Senate backs union card check-off

Although it affects only public employees, passage of Senate Bill 216 on Thursday may be a harbinger of things to come for private employees.

On a 14-10 vote, the Senate passed the bill, which would allow a bargaining unit to form a union without an election if half of the employees fill out a union card. Supporters argued that since half already indicated that they support a union, why go through the delay and time to form one?

Sen. David Gottesman, D-Nashua, argued that it would also prevent employers from “intimidating” employees from joining a union.

When Sen. Peter Bragdon, R-Milford, questioned whether the lack of a secret ballot would enable unions to intimidate workers to join, Gottesman answered that there was no testimony to that effect during hearings on the bill.

These are the kinds of questions raised by union card check-off campaigns nationwide, which are trying to institute such a reform in federal legislation.

In other bills, the Senate passed two mandates on group health insurance coverage with little opposition.

The first, SB 155, would require health plans to cover chiropractic services. It passed on a voice vote. The other, SB 93, would cover children’s early intervention therapy services. It passed on a roll call vote, with only Sen. Ted Gatsas, R-Manchester, a strong opponent of mandates, voting against it.

The latter bill was held up in a week in the Senate Finance Committee because fiscal note said that it would cost the state insurance plan money. That note proved to be erroneous, because the state plan already covers early intervention and, as a self-funded plan, it would have be exempt from such mandates anyway.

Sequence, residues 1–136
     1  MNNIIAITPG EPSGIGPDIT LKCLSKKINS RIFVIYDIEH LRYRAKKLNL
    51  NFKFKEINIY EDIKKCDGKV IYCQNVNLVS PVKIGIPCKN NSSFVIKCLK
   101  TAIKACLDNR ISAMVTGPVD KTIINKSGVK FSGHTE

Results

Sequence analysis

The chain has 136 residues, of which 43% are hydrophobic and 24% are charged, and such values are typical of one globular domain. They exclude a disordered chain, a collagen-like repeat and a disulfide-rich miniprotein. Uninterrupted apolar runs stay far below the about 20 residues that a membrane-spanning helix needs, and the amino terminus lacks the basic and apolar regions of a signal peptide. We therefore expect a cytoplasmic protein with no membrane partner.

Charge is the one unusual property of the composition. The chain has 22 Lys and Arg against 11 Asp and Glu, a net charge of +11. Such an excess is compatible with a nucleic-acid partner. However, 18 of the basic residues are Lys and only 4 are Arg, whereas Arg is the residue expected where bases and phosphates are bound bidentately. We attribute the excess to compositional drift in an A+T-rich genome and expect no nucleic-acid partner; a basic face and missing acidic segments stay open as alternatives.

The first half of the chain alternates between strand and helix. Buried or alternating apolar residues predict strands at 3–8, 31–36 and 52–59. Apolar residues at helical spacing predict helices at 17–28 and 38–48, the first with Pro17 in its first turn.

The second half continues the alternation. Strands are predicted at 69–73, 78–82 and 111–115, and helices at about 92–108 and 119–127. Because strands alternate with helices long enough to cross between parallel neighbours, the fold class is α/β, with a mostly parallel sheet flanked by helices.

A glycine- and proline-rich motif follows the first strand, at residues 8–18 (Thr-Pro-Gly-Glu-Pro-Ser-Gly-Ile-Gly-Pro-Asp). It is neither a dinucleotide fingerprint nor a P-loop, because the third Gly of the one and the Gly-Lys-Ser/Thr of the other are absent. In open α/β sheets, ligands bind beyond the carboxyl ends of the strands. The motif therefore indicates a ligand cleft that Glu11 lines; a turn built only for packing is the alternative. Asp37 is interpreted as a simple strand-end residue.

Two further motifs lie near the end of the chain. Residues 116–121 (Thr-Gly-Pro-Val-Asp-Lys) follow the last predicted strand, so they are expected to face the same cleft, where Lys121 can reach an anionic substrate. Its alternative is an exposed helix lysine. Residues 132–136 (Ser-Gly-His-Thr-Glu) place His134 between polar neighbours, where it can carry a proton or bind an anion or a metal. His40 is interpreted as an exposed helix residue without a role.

On Tuesday, the House sent to the finance committee, on a 222-135 vote, HB 790, which mandates that family health plans cover young adult dependents (who are unmarried and with no dependents) until they are 25. Backers argued that entry-level workers need health insurance as well as previously covered students.

Opponents argue that this would be a very costly mandate that would drive the cost of premiums out of reach of other families with young children, as well as cause some employers to stop contributing to such coverage.

The Senate on Thursday tabled a bill that would regulate commercial schools. Supporters said that it would prevent some trade schools from bypassing normal regulatory channels, but Senators apparently had second thoughts after Senator Bragdon offered an amendment that would exempt workshops that last less than a week, cost less than $1,000 to attend and don’t require payment up-front. – BOB SANDERS

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